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fight, that grace, that evidence of the things themselves as the present signs are, which are accomplished. Christ doth not give us empty signs.


Nor, (2.) Does Christ give us his flesh and blood, taken in a carnal sense. If men would believe him, he has told us a long time ago, when that doubt arose upon that declaration of his eating his flesh and drinking his blood; John vi. 52. (though he did not then speak of the sacrament, but of that which was the essence and life of it) How can this man give us his flesh to eat?' He told us, that eating his flesh profited nothing in that way they thought of eating it; for they apprehended, as the Papists do now, that they were to eat flesh, body, bones and all. Why, says he, 'the flesh profits nothing; it is the Spirit that quickens;' that power that is to be communicated to you is by the Spirit. So that Christ does not give us his flesh and blood in a carnal manner, as the men at Capernaum thought, and others look for. This would not feed our souls.

But then, what is it that Christ does exhibit, that we may exercise our faith upon? I say, it is himself as immediately discharging his great office of a priest, being sacrificed for us. It is himself as accompanied with all the benefits of that great part of his mediation in dying for us. May the Lord stir up our hearts to believe that the tender Christ makes unto us is originally and principally of himself, because all the benefits of his mediation arise from that fountain and spring, when God purchased the church with his own blood. A way this is which the Lord Jesus Christ, who is the wisdom of God, has found out and appointed to make a special tender of his person to our souls, to be received by us. And he tenders himself in the discharge of his mediation in the most amiable and most glorious representation of himself to the soul of a sinner. Christ is glorious in himself, in all his offices, and in all the representations that are made of him in the Scripture unto our faith; but Christ is most amiable, most beautiful, most glorious to the soul of a believing sinner, when he is represented as dying, making atonement for sin, making peace for sinners, as bearing our iniquities, satisfying the wrath of God, and curse of the law, to draw out our hearts unto faith and love. Christ in this ordinance makes such a representation of him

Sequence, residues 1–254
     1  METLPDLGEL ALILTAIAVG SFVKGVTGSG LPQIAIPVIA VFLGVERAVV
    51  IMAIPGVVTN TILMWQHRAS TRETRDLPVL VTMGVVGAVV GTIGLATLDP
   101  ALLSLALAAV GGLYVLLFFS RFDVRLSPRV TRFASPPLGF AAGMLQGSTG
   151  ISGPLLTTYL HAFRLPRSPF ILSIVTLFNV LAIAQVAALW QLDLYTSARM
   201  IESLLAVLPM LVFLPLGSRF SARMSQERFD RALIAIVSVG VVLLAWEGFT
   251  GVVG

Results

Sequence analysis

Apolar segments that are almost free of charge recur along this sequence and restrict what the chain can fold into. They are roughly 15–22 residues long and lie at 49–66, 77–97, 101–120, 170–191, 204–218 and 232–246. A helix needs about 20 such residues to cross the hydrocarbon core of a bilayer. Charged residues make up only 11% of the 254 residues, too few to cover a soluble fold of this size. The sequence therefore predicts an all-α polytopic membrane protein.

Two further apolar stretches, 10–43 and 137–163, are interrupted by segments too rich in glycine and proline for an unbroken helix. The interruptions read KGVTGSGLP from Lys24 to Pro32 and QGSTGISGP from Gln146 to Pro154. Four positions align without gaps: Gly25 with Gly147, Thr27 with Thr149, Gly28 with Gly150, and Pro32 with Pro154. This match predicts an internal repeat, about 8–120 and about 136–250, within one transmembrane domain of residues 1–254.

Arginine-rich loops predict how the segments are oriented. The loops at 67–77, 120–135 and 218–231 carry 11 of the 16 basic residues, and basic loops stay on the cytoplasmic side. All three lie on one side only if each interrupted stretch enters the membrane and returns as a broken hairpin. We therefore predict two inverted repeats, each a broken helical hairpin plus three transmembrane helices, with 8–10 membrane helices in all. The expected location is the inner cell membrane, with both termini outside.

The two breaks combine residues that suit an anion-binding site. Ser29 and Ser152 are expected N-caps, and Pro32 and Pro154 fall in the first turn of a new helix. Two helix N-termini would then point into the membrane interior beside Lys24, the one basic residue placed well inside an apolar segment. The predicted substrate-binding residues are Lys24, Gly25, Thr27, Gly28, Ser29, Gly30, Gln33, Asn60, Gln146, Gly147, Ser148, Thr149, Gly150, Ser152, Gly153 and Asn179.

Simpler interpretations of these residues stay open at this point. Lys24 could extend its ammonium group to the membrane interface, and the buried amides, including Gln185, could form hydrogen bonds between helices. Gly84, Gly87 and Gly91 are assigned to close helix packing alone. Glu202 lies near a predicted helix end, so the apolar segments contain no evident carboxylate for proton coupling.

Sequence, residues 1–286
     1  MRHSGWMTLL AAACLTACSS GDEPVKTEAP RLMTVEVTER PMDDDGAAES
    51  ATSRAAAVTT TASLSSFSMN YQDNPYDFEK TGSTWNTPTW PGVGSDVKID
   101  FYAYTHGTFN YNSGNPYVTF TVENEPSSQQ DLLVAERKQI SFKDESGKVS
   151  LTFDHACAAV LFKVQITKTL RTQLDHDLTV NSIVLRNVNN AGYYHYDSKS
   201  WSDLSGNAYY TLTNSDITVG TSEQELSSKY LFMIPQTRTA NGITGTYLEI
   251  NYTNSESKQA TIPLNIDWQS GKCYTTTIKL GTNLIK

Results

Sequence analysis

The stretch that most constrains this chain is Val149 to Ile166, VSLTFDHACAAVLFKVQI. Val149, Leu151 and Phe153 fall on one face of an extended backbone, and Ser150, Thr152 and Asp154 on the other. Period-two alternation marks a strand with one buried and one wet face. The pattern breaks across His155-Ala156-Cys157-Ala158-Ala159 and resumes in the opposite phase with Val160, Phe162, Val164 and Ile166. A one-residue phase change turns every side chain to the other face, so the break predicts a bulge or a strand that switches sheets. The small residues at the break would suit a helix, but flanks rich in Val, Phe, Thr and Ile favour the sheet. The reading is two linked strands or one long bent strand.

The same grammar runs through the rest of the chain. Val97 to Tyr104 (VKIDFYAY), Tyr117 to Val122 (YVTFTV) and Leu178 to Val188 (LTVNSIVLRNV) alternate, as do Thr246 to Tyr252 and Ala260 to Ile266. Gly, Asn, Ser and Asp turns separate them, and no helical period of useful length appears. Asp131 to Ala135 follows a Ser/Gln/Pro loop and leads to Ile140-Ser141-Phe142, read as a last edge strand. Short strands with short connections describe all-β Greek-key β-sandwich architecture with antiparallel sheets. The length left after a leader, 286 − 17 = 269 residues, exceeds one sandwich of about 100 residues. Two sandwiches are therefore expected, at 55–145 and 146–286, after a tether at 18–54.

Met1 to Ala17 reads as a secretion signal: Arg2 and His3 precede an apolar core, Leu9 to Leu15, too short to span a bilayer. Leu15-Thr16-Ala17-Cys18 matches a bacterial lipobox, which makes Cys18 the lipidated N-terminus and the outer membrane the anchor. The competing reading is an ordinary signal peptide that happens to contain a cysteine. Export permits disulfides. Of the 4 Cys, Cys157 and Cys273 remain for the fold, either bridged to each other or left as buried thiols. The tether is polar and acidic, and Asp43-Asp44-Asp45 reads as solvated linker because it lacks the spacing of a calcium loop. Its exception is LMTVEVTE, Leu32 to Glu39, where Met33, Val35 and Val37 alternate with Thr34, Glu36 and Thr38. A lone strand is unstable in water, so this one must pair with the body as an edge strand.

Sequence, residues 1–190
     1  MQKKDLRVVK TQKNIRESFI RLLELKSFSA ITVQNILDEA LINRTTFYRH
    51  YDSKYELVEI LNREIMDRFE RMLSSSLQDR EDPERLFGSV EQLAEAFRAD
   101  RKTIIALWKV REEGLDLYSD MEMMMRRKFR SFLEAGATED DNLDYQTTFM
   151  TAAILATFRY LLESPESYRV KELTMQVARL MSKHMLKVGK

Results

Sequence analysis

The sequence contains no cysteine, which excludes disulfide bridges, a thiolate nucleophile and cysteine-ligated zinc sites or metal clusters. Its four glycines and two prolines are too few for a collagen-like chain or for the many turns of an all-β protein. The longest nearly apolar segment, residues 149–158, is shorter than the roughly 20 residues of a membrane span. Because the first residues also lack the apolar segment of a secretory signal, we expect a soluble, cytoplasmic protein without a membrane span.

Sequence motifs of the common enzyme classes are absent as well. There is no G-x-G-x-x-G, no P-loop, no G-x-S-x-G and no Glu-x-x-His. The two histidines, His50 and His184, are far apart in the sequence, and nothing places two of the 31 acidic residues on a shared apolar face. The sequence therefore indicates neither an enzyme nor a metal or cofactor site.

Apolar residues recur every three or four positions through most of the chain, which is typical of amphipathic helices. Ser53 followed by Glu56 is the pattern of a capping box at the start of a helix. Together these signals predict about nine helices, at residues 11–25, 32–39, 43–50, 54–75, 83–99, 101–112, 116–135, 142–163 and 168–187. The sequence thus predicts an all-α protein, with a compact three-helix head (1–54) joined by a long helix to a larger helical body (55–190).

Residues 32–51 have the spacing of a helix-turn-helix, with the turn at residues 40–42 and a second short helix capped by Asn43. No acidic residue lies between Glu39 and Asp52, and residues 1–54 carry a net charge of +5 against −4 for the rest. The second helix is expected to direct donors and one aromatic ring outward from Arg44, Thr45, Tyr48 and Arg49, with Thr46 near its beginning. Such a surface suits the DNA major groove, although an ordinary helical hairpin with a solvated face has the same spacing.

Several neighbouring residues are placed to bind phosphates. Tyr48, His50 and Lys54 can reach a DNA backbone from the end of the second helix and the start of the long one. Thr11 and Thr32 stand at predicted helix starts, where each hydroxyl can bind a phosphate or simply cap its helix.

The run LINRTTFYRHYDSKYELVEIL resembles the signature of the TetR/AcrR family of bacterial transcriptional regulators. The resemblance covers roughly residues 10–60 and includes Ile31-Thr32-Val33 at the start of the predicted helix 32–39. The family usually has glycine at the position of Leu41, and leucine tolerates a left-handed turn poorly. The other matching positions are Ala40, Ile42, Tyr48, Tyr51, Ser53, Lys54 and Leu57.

self as bleeding for us, making atonement for our sins, and sealing the everlasting covenant: and he proposes himself unto us with all the benefits of his death, of that redemption he wrought out for us, peace with God, making an end of sin, bringing in everlasting righteousness, and the like. I intend only to remind you of these things, for we are at a loss sometimes as to the exercise of faith in and under this duty.